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Is rsqrt the same as Fast inverse square root?

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Hello,
I would like to us sqrt() and run it on a embeded controller. I was wondering sqrt() is the same as Fast inverse square root ( https://en.wikipedia.org/wiki/Fast_inverse_square_root ). if not, is it efficent as Fast inverse square root. Does it support code generation? Can I use it in embeded control software?
Thanks,
Hongbo
  4 Comments
Rik
Rik on 13 Sep 2021
It might be, although it doesn't have to be. Implementing this C code as a mex function might speed up what you want to do, or might slow it down.
If you don't know what you're working with well enough to know this code is not Matlab but C, I am not sure you would be able to write something faster than the engineers working for Mathworks. This algorithm is famous, I would expect them to know it. It would highly surprise me if they haven't tried implementing it to see the relative performance.
What is the reason for your concern about performance? If performance is so important, why aren't you doing everything in C anyway (or in a language even closer to your bare metal of choice)? I personally have the view that Matlab (and Simulink) are great tools for rapid prototyping and doing complex things. However, they tend to be the slower choice if performance is absolutely critical (it often isn't).
Hongbo Zhu
Hongbo Zhu on 13 Sep 2021
@Rik Thank you very much for your quick response and explanation. It will be great if someone from MathWork can confirm rsqrt() is efficient for embeded control system.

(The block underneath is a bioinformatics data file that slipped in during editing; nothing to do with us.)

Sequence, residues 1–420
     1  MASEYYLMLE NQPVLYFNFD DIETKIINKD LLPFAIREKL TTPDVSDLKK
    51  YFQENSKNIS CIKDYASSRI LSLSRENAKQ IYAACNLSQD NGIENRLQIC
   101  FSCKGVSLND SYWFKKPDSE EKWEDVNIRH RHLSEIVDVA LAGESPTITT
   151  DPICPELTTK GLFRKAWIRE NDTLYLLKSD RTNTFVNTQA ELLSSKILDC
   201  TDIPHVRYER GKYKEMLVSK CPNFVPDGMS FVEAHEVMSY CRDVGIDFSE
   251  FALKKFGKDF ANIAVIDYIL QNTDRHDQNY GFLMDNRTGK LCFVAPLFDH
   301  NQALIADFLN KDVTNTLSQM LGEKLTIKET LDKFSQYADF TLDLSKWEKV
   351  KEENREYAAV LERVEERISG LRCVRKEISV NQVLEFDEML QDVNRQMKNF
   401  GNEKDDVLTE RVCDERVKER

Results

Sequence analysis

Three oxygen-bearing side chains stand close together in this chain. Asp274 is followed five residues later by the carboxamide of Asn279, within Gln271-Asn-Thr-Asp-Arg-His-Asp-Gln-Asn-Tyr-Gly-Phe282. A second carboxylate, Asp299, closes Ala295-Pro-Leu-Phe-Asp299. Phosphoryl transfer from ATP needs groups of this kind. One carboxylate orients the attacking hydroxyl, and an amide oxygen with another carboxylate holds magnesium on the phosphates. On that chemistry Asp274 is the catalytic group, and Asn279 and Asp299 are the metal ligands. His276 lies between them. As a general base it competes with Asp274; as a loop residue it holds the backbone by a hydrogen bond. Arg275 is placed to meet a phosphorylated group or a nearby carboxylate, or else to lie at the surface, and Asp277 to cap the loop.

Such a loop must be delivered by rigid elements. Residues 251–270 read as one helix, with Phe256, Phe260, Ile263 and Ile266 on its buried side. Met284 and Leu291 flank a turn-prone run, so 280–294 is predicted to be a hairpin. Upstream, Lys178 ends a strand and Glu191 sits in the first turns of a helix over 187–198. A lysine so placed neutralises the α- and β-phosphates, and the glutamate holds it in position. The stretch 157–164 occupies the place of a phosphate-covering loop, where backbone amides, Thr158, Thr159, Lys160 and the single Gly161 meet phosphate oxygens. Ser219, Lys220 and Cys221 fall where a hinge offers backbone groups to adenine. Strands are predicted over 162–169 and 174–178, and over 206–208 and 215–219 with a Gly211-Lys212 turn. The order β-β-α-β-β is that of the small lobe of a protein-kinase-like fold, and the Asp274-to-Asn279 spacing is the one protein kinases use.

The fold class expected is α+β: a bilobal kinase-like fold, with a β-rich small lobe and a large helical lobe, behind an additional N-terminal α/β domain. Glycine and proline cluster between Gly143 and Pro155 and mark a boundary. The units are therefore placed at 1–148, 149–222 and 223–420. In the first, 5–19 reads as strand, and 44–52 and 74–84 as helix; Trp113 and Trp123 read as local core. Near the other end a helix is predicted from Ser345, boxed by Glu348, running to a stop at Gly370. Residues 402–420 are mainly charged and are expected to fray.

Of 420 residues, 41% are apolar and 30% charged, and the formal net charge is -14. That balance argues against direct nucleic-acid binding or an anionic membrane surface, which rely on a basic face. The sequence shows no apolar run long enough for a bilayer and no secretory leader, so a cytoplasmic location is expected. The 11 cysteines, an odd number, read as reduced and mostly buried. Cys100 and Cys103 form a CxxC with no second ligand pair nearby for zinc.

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Accepted Answer

stozaki
stozaki on 13 Sep 2021
Hi,
The Simulink sqrt block supports rsqrt.
The algorithm is Newton-Raphson, so it can be considered the same as the one described on the wiki.
With that setting, C code generation is possible.

More Answers (1)

Jan
Jan on 13 Sep 2021
i = * ( long * ) &y
This is equivalent to:
y = single(pi);
i = typecast(y, 'int32');
The shown code of Q_rsqrt is an approximation of 1/sqrt(x) for single precision floating point values. It might have a fair speed on CPUs without a floating point unit, but it is less accurate then the direct calculation.
  1 Comment
Hongbo Zhu
Hongbo Zhu on 13 Sep 2021
Hi @Jan, Thank you very much. I noticed there is also a simulink block named Float Typecast. Does it supported by code generation for embeded controller?

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